Los Angeles County Homeless Initiative Holds Conference, Issues One-Year Progress Report

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March 1, 2017 · Posted in Commentary 

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Leslie Evans

In February 2016 the Los Angeles County Board of Supervisors adopted a 47-point strategy to combat homelessness under the title the Homeless Initiative. One year later, on February 8, 2017, they sponsored the First Annual Homeless Initiative Conference. Little reported (no article in the LA Times), almost 500 civic leaders gathered at the Cathedral of Our Lady of the Angels for an all-day session.

Opening speakers included County Supervisors Mark Ridley-Thomas and Janice Hahn and the mayors of Inglewood and Whittier. Mayor Eric Garcetti spoke later in the program. There was an extensive review of the year’s progress, chaired by Phil Ansell, Director of the Homeless Initiative. Presenters were from the Los Angeles Homeless Services Authority (LAHSA), the County Housing Authority and Department of Mental Health, and the Sheriff’s Department.

 

Mark Ridley-Thomas

Mark Ridley-Thomas

Mark Ridley-Thomas pointed out that some 30% of the homeless suffer from mental illness and called for “More psychiatric urgent care centers, recuperative care centers, sobering centers, more mental health, more in the way of drug treatment, more rapid rehousing, more transitional housing, more permanent supportive housing.”

There were 10 breakout sessions. Discussants in the first, on Connection and Collaboration, were Peter Lynn, LAHSA’s Executive Director, and Veronica Lewis, Division Director of the Homeless Outreach Program Integrated Care System (HOPICS) and a founding leader of the Service Planning Area 6 (South LA) Homeless Coalition.

Sessions that looked at housing the homeless discussed a number of major problems: finding landlords willing to accept Section 8 vouchers; how to locate housing for homeless just coming out of prison or those living on the streets who have been criminalized for low-level issues such as unpaid tickets for vehicles they live in; and difficulties in finding locations to build or rehab properties for homeless housing due to restrictive land use regulations,*NIMBYism, and bureaucracy.

The county government took the occasion of the conference to issue its one-year progress report on the 47 strategies. The three-page document sorted progress into 5 categories ranging from fully implemented through partially implemented to tasks scheduled to be completed by April or July 2017. Most of this was not quantified so was difficult to evaluate, such as “Provide Subsidized Housing to Homeless Disabled Individuals Pursuing SSI,” and “Expand Jail In Reach.” The section that did offer numbers was positive, but very small compared to the needs of the 47,000 homeless in the county. Here are the highlights:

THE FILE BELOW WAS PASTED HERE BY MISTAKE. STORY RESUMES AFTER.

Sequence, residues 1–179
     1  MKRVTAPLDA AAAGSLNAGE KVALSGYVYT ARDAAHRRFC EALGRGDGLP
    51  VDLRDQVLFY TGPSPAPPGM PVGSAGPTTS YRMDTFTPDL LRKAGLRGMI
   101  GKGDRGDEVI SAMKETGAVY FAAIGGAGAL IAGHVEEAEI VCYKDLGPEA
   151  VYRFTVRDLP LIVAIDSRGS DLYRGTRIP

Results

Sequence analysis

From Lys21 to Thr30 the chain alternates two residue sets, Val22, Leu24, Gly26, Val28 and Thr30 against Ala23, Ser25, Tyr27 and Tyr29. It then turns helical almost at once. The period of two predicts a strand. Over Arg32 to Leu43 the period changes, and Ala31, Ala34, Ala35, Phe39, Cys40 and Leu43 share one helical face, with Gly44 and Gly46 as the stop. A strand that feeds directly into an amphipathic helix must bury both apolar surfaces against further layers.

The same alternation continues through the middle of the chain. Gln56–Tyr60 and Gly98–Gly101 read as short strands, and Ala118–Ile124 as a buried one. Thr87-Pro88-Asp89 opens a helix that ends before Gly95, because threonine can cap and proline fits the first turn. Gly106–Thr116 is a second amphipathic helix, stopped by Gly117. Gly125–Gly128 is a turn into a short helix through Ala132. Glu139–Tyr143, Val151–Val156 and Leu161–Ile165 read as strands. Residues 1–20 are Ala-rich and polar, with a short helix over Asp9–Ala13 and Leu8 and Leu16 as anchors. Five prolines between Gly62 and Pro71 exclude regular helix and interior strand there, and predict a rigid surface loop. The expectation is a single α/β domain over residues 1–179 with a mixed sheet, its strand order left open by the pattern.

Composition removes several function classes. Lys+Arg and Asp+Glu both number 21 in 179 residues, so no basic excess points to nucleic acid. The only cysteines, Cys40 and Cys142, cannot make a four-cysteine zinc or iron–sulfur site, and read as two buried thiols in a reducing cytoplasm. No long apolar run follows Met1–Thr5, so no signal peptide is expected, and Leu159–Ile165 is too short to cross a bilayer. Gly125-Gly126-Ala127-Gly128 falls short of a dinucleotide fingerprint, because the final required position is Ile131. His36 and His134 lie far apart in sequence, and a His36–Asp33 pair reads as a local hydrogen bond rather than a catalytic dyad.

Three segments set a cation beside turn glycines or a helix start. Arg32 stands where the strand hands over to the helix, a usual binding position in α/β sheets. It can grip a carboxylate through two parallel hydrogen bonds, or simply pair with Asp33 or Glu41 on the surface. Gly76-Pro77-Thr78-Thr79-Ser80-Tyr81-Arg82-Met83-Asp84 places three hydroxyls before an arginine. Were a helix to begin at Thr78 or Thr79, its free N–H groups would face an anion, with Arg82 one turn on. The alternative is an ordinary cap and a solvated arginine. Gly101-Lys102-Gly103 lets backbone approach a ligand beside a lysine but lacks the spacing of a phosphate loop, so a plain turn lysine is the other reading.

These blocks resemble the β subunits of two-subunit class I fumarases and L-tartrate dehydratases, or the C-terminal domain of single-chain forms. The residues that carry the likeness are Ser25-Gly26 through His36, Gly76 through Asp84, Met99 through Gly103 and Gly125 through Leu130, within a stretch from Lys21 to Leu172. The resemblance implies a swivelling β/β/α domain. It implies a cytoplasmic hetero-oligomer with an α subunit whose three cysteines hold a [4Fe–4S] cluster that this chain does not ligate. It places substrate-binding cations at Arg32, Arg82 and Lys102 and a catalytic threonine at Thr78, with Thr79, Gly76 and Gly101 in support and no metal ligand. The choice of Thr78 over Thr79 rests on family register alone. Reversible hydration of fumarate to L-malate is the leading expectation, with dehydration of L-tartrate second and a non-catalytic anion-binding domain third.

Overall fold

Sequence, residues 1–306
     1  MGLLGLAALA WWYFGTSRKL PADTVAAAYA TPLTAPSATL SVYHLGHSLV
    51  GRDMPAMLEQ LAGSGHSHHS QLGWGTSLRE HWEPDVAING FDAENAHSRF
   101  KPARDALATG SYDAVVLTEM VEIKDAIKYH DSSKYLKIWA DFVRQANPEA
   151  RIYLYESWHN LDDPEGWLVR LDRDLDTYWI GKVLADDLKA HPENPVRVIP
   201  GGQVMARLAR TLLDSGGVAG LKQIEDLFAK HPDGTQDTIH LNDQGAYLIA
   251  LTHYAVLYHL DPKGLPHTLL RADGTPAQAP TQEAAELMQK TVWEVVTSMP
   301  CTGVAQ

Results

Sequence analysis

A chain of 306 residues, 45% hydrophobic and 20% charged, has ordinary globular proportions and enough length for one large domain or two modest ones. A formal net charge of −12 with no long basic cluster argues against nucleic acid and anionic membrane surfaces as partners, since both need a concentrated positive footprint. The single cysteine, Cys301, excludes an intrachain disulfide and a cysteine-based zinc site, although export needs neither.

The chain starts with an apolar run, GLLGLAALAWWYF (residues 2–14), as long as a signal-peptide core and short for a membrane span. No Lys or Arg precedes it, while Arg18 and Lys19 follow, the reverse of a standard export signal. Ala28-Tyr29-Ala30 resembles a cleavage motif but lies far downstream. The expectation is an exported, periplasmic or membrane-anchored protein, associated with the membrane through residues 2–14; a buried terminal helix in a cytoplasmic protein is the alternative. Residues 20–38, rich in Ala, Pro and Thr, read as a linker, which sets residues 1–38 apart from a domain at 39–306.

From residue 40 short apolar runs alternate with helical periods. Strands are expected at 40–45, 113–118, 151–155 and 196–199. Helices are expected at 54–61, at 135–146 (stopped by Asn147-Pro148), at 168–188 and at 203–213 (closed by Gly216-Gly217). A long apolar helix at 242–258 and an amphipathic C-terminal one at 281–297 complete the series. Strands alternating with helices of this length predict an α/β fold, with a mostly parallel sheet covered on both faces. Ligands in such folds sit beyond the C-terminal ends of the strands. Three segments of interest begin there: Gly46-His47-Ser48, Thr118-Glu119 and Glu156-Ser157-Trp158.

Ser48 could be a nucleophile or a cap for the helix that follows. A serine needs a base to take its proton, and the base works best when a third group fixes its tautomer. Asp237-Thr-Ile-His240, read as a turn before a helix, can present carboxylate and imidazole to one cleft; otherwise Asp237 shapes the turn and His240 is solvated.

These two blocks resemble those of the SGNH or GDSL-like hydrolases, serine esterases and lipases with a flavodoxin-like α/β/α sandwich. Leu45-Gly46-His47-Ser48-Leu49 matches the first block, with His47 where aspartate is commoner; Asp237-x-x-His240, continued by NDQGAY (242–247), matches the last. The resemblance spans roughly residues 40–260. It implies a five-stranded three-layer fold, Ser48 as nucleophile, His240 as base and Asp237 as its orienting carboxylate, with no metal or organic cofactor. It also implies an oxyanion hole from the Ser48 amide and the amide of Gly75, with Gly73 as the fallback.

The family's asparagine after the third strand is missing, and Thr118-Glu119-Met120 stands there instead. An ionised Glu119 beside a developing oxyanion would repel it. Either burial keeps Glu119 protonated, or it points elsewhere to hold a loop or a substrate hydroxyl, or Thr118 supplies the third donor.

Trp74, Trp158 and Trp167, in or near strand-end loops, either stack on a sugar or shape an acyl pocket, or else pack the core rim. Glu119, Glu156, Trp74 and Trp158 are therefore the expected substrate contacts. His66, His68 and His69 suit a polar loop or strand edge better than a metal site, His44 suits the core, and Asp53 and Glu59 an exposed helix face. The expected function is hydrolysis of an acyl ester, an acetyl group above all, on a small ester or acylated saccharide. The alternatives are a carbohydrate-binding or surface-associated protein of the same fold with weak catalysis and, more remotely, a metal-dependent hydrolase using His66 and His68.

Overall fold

• Funding for Homeless Prevention: 160 families retained their housing. 341 families getting current assistance.
  • Subsidized housing for the disabled under SSI: 61 individuals housed.
  • Partner with cities for Rapid Re-Housing: 242 households housed; 697 others enrolled but not yet housed.
  • Got landlords to accept vouchers for 128 vacant units.
  • 18 agreements to fund 168 new interim and bridge housing beds for people exiting institutions in LA County. Have placed 122 individuals in interim housing since October 2016.
  • Have hired 3 social workers and three custody assistants to provide jail in reach services.
  • Have issued contracts to hire 12 Coordinated Entry System outreach coordinators and 36 new outreach staff countywide.
  • Expanded hours for 1,595 existing emergency shelter beds to 24/7.
  • As one of three cities chosen to compete to house 100 Transitional Age Youths (TAY) in 100 days the county succeeded in housing 257, 77% in permanent housing.
  • The county’s Homeless Incentive Program and Veterans Incentive Program provide federal rent vouchers, a holding fee of up to one month’s rent, a damage fund, and move-in funds that cover the security deposit, utility assistance, and furniture. As of December 2016, the HIP had housed close to 100 homeless families and the VIP 268 homeless veterans.
  • A small number of chronically ill homeless persons run up huge medical bills each year, as much as $50,000 to $70,000. The county has now identified the 5% most expensive homeless, a total of 5,543 individuals. Special efforts will be made to find them housing but the report offers no numbers.

 

To sum up:

Prevented from going homeless: 160 families.

Found permanent housing: 100 families, 527 individuals (198 TAY), plus 128 units (could be either families or individuals).

Found temporary housing: 242 families, 181 individuals (59 TAY).

 

We do not know the number of people in the families housed, but to get a ballpark estimate of the total, we can use the national average family size, 3.13 persons, and for the 128 units, the national average of families among the homeless of 41%. This would give us:  500 prevented from going homeless; 1,053 provided permanent housing; and 938 given temporary housing. Total in some kind of housing just under 2,500 for the year.

 

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